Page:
Bicycle Helmet Laws: The Cat Toy Of Choice For The Frisky Legislator

Westchester is a suburban county immediately north of New York City. My own abode lies less than two (2) American Freedom Miles from the Bronx/Westchester border, and owing to is proximity it is the county in which I churn out the bulk of my cycling leisure miles. So I was irritated to learn that some doofus lawmaker up there is apparently floating a bicycle helmet law:

[You know what should be illegal? That corny-ass lede.]

Helmets have long been required in New York state for riders 13 years and younger, but the proposed law would extend the safety measure to cyclists 14 years and older.

I’m not sure if you’ve been paying attention, but since March things haven’t been going all that smoothly. And with all the shit that needs attending to out there, imagine being Damon Maher and thinking, “You know, adults are still riding bicycles without helmets, I think now’s the perfect time to address that.”

It’s especially timely when you consider that, thanks to the aforementioned shitshow that is 2020, unemployment has more than tripled in the Orange-Rockland-Westchester since last year. Of course, one of the few bright spots in all of this is that more people have been riding bikes. (Sadly it’s because they no longer have jobs to go to, but still.) So what better way to boost their morale and encourage them to keep riding than to hit them with a fine for not wearing a plastic hat while doing so?

Those who don’t comply could face civil fines up to $50, but a court may waive the fee for first-time violators who prove they bought or rented a helmet after getting a summons. The bill would also require sellers of bicycles and helmets to post a sign notifying buyers of the county law and fine, or the sellers themselves could face a fine up to $100.

Good thing the bill also includes a fine for the bike shop. Because anyone who works in a bike shop knows how much they hate selling helmets.

By the way, unsurprisingly, Damon Maher doesn’t seem to be particularly sympathetic towards cyclists:

For these reasons, Small’s wife accepted the smaller, but not unsubstantial settlement award from the county. Westchester County lawmakers overwhelmingly approved the legal settlement in a vote of 15-2. Damon Maher, one of the two dissenting votes, told that Westchester County should have taken its chances with the jury because of Small’s high speed and other factors.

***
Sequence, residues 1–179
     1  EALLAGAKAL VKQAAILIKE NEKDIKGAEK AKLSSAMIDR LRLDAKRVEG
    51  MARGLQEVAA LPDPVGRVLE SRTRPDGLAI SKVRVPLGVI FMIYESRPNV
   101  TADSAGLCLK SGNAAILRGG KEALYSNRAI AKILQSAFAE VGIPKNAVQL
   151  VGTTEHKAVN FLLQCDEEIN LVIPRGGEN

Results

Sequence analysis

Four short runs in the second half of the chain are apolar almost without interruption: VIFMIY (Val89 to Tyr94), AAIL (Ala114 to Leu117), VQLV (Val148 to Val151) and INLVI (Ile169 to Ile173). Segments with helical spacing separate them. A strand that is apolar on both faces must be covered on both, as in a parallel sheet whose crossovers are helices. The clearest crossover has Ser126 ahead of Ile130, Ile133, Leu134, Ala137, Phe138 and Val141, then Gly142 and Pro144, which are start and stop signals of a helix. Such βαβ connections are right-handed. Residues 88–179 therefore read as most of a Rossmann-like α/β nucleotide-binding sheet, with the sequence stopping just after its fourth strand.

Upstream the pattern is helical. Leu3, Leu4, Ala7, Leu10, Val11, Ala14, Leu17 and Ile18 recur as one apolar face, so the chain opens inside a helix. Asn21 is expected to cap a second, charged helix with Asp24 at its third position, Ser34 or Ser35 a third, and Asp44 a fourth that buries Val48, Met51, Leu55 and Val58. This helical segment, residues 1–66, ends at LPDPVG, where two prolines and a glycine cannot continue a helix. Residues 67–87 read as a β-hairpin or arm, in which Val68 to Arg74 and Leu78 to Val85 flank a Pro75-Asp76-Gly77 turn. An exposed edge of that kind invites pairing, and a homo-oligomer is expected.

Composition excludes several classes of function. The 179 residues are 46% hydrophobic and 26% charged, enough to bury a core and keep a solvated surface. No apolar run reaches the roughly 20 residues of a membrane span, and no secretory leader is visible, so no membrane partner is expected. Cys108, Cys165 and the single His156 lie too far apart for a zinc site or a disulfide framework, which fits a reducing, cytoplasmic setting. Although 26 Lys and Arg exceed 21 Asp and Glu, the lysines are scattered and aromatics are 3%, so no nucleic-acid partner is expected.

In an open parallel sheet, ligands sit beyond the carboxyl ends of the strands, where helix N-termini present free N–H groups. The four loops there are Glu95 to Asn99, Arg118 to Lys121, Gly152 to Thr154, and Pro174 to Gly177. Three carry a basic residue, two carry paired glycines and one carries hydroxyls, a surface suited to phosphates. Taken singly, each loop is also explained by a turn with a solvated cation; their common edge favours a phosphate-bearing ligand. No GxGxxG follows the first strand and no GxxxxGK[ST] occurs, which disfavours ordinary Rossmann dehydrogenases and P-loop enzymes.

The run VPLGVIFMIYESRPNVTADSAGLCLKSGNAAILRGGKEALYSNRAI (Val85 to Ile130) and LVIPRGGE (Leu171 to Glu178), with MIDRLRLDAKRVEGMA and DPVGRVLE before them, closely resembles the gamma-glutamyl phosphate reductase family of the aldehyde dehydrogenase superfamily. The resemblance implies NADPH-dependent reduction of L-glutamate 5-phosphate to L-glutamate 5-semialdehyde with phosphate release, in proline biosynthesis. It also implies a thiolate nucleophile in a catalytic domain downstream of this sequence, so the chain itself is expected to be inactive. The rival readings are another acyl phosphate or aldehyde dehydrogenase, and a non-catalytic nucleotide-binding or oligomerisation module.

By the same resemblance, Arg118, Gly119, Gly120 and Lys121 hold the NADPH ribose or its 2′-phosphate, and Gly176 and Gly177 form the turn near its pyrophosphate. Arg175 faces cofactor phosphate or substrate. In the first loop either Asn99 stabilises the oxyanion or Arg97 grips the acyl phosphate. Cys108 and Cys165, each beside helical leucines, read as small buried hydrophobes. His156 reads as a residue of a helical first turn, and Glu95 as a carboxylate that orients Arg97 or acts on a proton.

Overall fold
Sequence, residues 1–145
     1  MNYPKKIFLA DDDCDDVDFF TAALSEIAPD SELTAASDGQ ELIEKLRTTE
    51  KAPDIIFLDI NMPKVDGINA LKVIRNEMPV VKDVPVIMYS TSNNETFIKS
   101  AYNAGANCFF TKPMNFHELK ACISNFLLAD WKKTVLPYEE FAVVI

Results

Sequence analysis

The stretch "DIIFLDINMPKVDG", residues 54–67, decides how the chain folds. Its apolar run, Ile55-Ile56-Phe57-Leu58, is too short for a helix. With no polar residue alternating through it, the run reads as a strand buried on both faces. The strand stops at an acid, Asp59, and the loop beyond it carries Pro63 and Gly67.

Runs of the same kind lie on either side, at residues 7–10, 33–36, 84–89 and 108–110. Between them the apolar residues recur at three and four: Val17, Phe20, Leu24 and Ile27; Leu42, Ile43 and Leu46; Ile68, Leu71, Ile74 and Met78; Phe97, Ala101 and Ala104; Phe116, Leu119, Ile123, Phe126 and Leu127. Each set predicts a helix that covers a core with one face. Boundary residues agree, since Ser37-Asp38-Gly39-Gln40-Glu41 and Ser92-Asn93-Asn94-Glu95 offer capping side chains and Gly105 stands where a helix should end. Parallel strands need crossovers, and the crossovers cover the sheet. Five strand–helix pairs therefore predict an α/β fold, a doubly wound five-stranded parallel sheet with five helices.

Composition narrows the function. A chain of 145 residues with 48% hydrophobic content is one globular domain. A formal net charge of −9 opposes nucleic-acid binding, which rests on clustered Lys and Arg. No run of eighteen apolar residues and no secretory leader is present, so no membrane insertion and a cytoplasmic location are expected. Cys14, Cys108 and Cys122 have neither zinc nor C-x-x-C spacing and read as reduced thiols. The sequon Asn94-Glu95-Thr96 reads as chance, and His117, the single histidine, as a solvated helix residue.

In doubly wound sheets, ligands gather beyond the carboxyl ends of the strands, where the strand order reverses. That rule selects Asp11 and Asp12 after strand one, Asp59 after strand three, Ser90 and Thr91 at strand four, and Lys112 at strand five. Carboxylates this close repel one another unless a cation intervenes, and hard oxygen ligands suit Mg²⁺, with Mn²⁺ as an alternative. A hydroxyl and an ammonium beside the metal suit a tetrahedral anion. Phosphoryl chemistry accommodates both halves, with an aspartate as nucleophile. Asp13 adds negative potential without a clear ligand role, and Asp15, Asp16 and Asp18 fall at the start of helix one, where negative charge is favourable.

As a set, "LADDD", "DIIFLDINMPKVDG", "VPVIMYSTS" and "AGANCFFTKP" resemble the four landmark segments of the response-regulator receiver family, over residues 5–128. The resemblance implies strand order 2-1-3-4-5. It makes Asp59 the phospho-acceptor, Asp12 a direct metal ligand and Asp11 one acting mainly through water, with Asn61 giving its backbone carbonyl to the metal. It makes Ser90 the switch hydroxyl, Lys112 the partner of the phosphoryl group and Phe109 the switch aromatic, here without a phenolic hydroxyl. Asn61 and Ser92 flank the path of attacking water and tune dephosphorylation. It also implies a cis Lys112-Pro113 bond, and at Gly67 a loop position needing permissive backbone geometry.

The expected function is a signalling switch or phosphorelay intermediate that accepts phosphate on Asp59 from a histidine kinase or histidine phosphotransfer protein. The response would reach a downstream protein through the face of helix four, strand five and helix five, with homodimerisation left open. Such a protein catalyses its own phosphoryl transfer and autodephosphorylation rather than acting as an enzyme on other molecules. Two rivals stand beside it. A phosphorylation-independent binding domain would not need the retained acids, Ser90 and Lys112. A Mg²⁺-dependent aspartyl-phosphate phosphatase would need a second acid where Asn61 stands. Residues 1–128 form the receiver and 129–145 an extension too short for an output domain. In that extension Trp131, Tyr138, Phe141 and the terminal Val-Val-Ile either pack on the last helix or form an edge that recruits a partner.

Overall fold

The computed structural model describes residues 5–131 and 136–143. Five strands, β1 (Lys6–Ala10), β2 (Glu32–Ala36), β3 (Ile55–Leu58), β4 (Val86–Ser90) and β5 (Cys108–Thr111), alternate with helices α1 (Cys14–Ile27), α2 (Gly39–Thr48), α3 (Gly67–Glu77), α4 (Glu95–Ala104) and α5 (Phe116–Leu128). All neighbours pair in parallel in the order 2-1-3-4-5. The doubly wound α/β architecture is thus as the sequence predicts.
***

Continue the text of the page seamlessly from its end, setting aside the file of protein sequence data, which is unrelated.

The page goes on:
And the victim in that case was wearing a helmet, go figure:

With one leg still attached to the bike clips, Small then landed head-first onto the ground. Though he was wearing a helmet, Small landed on his forehead.

But no legislator would ever burden constituents with yet another onerous law if it weren’t for their own good. Check out these chilling statistics:

No helmets were used in more than 3,360 of the state’s 5,759 bicycle crashes in 2018, according to the New York State Department of Motor Vehicles Traffic Safety Statistical Repository. Westchester had about 90 documented crashes in 2018, according to the repository, and at least 39 included riders with no helmets.

Egads! Here’s a closer look at that data:

So of 5,759 bicyclists who crashed in New York State, 3,360 of them were not wearing helmets. What does that even mean? If roughly half of bicyclists in New York State wear helmets, isn’t that about what you’d expect? (I’d imagine it’s far less than that, but I really have no idea. I’d wager helmet use is probably well over 90% for Freds, and well under 50% for “normies.” If anything the state should really do a deep dive into the percentage of bicycle crashes that involve Freds and go from there.) Regardless, while a helmet may or may not help mitigate injury in a crash, it certainly doesn’t determine whether or not you crash in the first place. So implying that these numbers somehow inherently validate a helmet law makes about as much sense as me saying, “1,943 helmetless riders only suffered minor injuries, so we should ban helmets.” (Though I’d be lying if I said I didn’t like the sound of it.)

But here’s the clincher:

State and national data show that adults are more often injured or die in bicycling accidents than children.

You know, because kids are delivering food, commuting to work, and cranking out big solo rides just like adults are. Why, just the other day I saw a group of 20 8 year-olds riding in a paceline on Route 9W. Clearly the only reason adults are injured or killed more often while cycling is that they’re not required to wear helmets. It’s just common sense.

Anyway, sounds like they’ll be dorking out over the bill next week:

The proposed law will be introduced into legislative committees next week. It could be modified or changed during discussions and would have to pass a vote of the 17-member legislature before it could be signed into law by County Executive George Latimer, a Democrat.

If Westchester passes a helmet law I look forward to flouting it.

Powered by

Up ↑

%d bloggers like this: